Veterinarians remove swallowed fishhook from turtle

By Charlie Powell, College of Veterinary Medicine

turtle-with-hookPULLMAN, Wash. – A recent patient was delivered via overnight carrier to the Washington State University Veterinary Teaching Hospital with a fishhook lodged in his throat.

Sheldon, a Western painted turtle, arrived from Montana thanks to a referral by veterinarian Olivia Seddon at Vet-To-Go, Inc., in Billings. Transportation and payment for medical services are being covered by the Humane Society of the United States.

On arrival at WSU’s Exotics and Wildlife section in the hospital, Sheldon underwent a series of radiographs to locate the hook. Digital images revealed that it was perforating the mid-throat beyond the base of the tongue.

It is most likely that the turtle encountered the barbed, inch-long, baited hook because it was either lost or unattended in a local fishery. It is also possible someone teased the turtle with the fishing gear and hooked it intentionally.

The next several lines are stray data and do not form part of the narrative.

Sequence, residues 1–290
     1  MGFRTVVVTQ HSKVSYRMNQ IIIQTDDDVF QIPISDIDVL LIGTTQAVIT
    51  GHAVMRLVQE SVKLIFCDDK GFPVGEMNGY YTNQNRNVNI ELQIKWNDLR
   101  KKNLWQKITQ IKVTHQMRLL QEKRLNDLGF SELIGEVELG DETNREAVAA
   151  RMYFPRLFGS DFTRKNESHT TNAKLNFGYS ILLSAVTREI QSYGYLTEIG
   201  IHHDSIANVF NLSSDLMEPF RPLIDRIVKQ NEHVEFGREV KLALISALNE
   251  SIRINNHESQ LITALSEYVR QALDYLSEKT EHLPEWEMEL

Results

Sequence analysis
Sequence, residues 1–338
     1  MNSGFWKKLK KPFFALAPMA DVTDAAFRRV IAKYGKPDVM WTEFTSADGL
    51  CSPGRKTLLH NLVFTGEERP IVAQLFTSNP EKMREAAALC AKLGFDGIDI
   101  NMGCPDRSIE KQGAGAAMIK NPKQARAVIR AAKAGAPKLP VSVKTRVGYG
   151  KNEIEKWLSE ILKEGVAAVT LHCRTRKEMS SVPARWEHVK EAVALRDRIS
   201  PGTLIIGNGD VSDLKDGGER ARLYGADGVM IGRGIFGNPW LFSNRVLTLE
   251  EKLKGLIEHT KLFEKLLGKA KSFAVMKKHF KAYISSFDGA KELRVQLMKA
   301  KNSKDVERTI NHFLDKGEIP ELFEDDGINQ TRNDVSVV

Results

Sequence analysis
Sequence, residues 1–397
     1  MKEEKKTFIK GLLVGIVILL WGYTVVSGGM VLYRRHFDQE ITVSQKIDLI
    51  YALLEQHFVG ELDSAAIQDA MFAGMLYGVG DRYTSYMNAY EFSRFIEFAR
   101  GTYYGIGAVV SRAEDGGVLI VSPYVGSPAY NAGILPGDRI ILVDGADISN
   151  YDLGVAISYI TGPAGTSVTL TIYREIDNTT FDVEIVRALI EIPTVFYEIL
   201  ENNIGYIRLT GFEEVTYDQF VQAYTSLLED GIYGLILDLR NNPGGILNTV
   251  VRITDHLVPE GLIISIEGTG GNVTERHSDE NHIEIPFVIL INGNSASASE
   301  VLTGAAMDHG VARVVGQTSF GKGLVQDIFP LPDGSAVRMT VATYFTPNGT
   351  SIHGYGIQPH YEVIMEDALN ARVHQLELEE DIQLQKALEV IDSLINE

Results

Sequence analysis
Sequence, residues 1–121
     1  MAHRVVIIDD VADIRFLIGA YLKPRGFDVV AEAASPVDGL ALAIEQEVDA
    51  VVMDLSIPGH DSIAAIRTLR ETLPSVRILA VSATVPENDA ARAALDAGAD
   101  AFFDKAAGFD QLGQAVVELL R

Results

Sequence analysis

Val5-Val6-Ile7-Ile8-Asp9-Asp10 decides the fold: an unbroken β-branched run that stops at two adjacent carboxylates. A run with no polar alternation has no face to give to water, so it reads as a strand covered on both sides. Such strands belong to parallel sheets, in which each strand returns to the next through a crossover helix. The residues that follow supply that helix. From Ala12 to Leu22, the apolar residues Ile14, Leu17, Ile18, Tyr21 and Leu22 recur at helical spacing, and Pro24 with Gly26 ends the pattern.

After anesthetizing Sheldon earlier this week, intubating him and placing him on an anesthetic ventilator, veterinarian Nickol Finch could easily see fishing line protruding into his mouth from the hook’s eye. Finch spent significant time trying to manipulate the hook out without further damaging the esophagus.

“Eventually, I had to make an incision in Sheldon’s neck to remove the hook intact,” she said. “After removal, we placed a temporary, external feeding tube in the incision to ensure Sheldon gets complete nutrition. It will be removed in a few days and the wound will be closed.”

The entire procedure took almost two hours.

The prognosis for Sheldon is good and he will likely be returned to the wild.

Find video and photos by Henry Moore Jr., WSU biomedical communications unit, at


Charlie Powell, WSU College of Veterinary Medicine public information officer, cell/text 509-595-2017,